In comparison, car-sharing is relatively problem-free, because only a few people share the car and do not come into direct contact with each other. 
The biggest problem is certainly preventing your own children from touching their mouth, nose or eyes before they have had a chance to have their hands washed thoroughly.

General questions about hygiene and the corona virus

Where do most viruses collect (hotspots) or on which surfaces can the viruses survive? For example, at home (newspapers, pens, door handles) or in public (shopping baskets, trollies, PIN pads at checkouts).

Viruses are mainly transmitted onto surfaces via the hands, so the most critical surfaces in public places are those touched by many people. Although there are currently no known cases where the current corona virus or other corona viruses have caused infections in this way, it is theoretically possible. This is less of a problem at home, as, at present, the surfaces are only being touched by those people with whom we have close contact anyway.

How long can the viruses survive on surfaces?

It is reasonable to assume that corona viruses usually only survive for a few hours on surfaces. Although there are studies that indicate a survival time of several days, this depends strongly on the type of surface and other conditions (humidity, temperature, etc.). It is also important to know that usually there is also a sharp, initial decrease in the number of surviving viruses, so that after a longer period of time, only very few infectious virus particles are likely to be present – if any at all.

Can I spread the virus around the house with my shoes?

Theoretically yes, but from a practical point of view, the question is where the viruses would come from (nobody coughs onto the soles of their shoes) and how to become infected from viruses on the floor. So, this is not really a problem.

Can the virus stick to clothing? How can I clean clothes properly?

Viruses generally survive for a shorter time on textile surfaces than on smooth surfaces, although there is currently no good data with regard to corona viruses on textiles. Fortunately, washing easily removes enveloped viruses (which include the corona virus, but also the flu virus, for example). You should therefore frequently wash towels (especially shared hand towels), but also cleaning cloths, underwear or any textiles that could be contaminated in another way (coughing into the crook of your arm!) at 60°C with a powder laundry detergent that contains bleach.

Which areas of my home should I clean regularly and to what extent/or in any different way?

In your household, you can clean just as before. It is important, of course, not to neglect other areas of cleaning and hygiene (e.g. when handling food) because of the corona virus. If you should pay more attention to one particular area, then it should be the surfaces you touch a lot.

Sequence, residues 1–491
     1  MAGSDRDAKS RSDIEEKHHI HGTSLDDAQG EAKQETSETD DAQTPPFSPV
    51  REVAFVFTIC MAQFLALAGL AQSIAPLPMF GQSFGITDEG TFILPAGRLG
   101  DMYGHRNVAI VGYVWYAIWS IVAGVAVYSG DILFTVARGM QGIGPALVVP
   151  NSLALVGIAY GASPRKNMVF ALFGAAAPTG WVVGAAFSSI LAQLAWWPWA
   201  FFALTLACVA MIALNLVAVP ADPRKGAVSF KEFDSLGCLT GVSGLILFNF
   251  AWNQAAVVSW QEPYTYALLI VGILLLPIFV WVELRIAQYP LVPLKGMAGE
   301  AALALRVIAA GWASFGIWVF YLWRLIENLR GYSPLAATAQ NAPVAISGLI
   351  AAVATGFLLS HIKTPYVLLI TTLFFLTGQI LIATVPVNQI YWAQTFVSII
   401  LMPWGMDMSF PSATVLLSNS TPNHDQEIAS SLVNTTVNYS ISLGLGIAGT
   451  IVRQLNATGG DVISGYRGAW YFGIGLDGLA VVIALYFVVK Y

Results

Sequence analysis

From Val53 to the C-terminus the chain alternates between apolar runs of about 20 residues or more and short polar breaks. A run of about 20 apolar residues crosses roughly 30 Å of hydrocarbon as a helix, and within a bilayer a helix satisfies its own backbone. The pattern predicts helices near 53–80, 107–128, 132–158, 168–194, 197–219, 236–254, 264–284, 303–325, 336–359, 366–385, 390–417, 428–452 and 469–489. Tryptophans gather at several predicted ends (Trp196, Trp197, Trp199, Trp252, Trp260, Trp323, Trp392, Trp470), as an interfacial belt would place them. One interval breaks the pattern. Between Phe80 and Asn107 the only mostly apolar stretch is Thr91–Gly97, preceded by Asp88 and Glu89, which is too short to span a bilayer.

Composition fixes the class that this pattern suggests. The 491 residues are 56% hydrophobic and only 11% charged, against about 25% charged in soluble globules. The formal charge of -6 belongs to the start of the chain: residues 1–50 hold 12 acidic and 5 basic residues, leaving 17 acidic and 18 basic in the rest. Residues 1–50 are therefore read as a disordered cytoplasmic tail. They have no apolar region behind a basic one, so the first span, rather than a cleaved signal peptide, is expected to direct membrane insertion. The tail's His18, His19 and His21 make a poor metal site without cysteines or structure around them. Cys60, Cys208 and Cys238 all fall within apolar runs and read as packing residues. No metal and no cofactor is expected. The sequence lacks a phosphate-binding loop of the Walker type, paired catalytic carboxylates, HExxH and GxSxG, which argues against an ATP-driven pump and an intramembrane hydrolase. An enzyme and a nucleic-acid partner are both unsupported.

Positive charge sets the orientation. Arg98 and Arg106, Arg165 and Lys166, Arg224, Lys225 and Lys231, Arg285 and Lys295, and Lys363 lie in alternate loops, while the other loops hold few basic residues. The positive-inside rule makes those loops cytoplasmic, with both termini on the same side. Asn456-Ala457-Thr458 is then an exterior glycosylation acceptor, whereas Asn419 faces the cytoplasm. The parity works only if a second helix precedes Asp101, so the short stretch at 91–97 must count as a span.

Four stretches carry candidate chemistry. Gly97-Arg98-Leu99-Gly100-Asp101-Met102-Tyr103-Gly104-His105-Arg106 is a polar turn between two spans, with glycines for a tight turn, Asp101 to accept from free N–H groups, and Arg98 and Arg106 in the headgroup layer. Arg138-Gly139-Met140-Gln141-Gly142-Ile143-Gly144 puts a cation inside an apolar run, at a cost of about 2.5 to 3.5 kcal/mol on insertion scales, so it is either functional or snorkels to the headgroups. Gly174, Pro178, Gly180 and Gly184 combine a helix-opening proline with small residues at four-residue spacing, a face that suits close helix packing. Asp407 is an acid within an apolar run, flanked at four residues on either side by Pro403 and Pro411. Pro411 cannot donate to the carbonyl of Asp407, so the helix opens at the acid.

Does it help if I wear a face mask?

Face masks provide a certain amount of protection, especially if people who are already infected wear them in public, as this helps prevent transmission to healthy people. If you wear a mask to protect yourself, you should still remember the other precautions, so keep your distance and wash your hands! There are studies by the WHO which say that the risk of infection from protective masks can even increase because people feel supposedly safe wearing them.

NUK steam sterilisers: do commercially available sterilisers kill corona viruses?

With steam sterilisers, viruses can also be safely killed if the scheduled running time of 10 minutes is observed.

NUK bottle cleanser: does commercially available washing-up liquid also kill the corona virus? Are there washing-up liquids that are better suited for this purpose than others?

Surfaces can still be cleaned with conventional cleaners, as corona viruses are among the enveloped viruses that can be easily removed and killed with surfactants. However, it is also important to leave the cleaners on the surface long enough for them to work properly.

Does laundry detergent also kill the corona virus? What do I have to take into account when washing clothes?

For textiles to be hygienically clean when you wash them - even in times of the corona virus - we recommend a wash cycle at 40-60°C using a powder laundry detergent that contains bleach. In particular, shared towels should be washed frequently, even if there is no known case to date of viral infections spreading via textiles. When using liquid detergents, the 60°C boiling/coloured wash programme should always be used for towels, cloths or underwear, or an oxygen-based, bleaching agent should be added.